Entangled Life

I’ve always known that there are mushrooms and fungi and yeasts and strange underground things called truffles. And I’ve increasingly become aware of just how interconnected is all life on earth, which shows through as one of the themes in this blog. What I had not fully realised is that fungi are fundamental building blocks of this interconnected life, even to the extent that plants could not exist without them,  and live in symbiosis with them. Of course this also applies to animals, including human beings. Indeed, some of the largest beings on the planet are fungi.

The actual fungal body is the mycelium of threads (hyphae) that runs through the earth, the compost heap, the rotting corpse, the living being. The mushroom and truffle are the fruit, which provides the mechanism to facilitate spreading of the spores.

For millennia fungi have provided the means for human relaxation and psychological transcendence, through psychedelic mushrooms and the alcoholic beverages that come from fermentation through yeasts, which are also simple fungi. Who knows what role they played in the visions of prophets and mystics, and the evolution of the human psyche.

All this and more is the subject of Merlin Sheldrake’s book Entangled Life. It is a very readable story of the discoveries of modern science related to fungi, woven with Merlin’s own personal journey. Well worthy reading for a better insight into the ever-increasing complexity of our understanding of the natural world, which is just about keeping pace with our ignorant destruction of it.

I should perhaps declare a minor bias, in that Merlin’s  illustrious father Rupert Sheldrake stayed overnight at our house in the early 90s, in order to give his Knutsford Lecture on Visions of a New Renaissance. Rupert’s innovative approach to science, that led to his theory of morphic resonance, appears to have rubbed off well onto his son Merlin, who is proving to be another great communicator of science.

Featured image of edible fungi in a basket is by George Chernilevsky, Public domain, via Wikimedia Commons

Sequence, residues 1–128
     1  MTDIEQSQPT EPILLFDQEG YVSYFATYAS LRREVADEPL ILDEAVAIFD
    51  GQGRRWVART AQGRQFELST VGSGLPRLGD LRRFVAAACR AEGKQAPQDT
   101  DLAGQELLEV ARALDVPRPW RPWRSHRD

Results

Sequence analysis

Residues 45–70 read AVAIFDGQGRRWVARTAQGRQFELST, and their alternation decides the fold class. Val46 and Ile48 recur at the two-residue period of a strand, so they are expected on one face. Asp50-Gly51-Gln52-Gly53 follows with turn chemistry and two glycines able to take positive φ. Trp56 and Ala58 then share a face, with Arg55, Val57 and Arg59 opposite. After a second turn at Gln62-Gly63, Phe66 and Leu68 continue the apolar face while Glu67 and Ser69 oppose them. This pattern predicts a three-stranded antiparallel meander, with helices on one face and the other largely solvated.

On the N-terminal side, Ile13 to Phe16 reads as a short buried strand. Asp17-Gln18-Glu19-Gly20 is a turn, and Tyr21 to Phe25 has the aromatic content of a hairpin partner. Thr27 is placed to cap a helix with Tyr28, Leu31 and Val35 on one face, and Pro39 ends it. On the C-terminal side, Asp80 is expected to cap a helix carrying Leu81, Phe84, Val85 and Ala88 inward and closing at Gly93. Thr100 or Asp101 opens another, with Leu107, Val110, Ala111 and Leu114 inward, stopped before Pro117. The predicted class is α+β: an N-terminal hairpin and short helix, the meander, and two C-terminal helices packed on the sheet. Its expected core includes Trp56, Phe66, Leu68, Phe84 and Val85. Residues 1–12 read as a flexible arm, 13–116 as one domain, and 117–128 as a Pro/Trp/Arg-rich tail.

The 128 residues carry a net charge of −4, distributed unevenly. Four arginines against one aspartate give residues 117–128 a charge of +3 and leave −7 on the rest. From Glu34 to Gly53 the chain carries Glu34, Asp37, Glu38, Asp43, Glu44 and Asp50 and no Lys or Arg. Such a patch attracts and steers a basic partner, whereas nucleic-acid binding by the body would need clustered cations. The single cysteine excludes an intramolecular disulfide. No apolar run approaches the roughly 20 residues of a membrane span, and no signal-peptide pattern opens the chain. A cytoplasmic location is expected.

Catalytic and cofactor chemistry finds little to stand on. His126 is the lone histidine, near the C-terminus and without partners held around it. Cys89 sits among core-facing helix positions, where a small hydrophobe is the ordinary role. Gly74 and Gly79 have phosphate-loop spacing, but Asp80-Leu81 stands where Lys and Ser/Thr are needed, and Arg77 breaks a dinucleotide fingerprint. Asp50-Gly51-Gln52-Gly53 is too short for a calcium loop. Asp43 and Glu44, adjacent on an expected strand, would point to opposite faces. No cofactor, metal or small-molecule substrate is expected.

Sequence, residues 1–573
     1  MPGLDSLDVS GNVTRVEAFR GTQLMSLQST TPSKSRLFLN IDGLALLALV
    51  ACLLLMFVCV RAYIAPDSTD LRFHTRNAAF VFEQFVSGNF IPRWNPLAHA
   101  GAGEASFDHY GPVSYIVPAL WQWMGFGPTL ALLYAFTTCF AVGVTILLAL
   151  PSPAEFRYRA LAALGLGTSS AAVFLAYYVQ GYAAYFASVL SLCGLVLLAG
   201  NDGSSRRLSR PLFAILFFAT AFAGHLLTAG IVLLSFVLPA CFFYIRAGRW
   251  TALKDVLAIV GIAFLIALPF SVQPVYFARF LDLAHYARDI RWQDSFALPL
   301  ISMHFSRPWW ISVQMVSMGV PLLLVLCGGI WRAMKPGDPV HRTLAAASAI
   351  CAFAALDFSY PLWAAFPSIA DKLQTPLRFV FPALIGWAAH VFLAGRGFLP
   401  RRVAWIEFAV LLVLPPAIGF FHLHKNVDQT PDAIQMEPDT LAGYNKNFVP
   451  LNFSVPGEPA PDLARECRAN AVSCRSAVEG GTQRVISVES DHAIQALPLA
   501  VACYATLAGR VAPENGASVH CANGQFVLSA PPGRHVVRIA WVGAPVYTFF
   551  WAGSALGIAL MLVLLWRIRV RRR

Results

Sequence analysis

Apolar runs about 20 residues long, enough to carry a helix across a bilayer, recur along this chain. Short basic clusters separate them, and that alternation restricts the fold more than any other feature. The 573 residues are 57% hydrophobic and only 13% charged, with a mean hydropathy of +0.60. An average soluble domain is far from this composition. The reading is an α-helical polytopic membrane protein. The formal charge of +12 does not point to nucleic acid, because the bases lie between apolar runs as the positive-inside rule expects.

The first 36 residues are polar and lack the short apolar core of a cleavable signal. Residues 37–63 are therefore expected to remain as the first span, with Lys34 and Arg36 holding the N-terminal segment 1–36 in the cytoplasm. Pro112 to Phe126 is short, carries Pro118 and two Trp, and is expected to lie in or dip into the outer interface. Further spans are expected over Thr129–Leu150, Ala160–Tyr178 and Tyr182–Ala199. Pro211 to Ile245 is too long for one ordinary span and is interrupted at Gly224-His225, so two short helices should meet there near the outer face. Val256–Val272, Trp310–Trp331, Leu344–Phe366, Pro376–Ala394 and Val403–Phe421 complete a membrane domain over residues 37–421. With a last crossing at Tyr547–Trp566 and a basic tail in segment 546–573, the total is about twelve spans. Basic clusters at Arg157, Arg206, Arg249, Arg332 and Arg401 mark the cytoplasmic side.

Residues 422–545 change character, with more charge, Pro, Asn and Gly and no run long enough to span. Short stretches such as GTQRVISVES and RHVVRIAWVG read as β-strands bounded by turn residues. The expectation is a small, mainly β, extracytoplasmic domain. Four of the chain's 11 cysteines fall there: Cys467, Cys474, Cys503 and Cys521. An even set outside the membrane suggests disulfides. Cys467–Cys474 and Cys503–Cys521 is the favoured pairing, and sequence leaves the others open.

Alcohol and gambling

We were sent to Methodist chapel every Sunday in 1950s Lincoln – morning service and afternoon Sunday School. This gave a good grounding in bible stories and hymn singing, and table tennis at the social club. Two messages became memorably ingrained into us – the evils of alcohol and gambling.

In the later teenage years, we tried beer at the local pubs. It turned out to be a good social lubricant, especially for a quiet lad like me, and we soon learned not to drink too much – the effects were most unpleasant. At university I discovered wine and that was that.

Gambling was a different matter. My dad did the football pools every week, so I got to looking at the weekly sheet that he had to fill in. At the back I noticed the ‘fixed odds’ where you could bet on the outcome of particular matches. This seemed more attractive to me than the general lottery entered by my dad. I used to notionally fill it in and then check on the results – I usually ‘lost’. But I became aware of the inner ‘pull’ of fixed odds betting, so never tried it out for real. So I can understand the attraction of the fixed odds betting terminals that have been the subject of recent controversy in the UK, where the maximum stake in a betting shop is being reduced from £100 to £2. Good thing too.

Gambling is highly regulated in the UK yet, since the relaxation of attitudes in the 1960s, plays a significant part in the economy. My own attitude to gambling has changed little since the 1950s, apart from the odd raffle ticket. Maybe that’s one up to my teachers at Chapel, or down to a wartime-induced attitude of frugality.

At times I’ve come across people who became addicted to alcohol or gambling – for them, yes these things really are evil. And Alcoholics/Gambling Anonymous provide a necessary salvation.

Featured image from 1857 report by James Haughton [Public domain], via Wikimedia Commons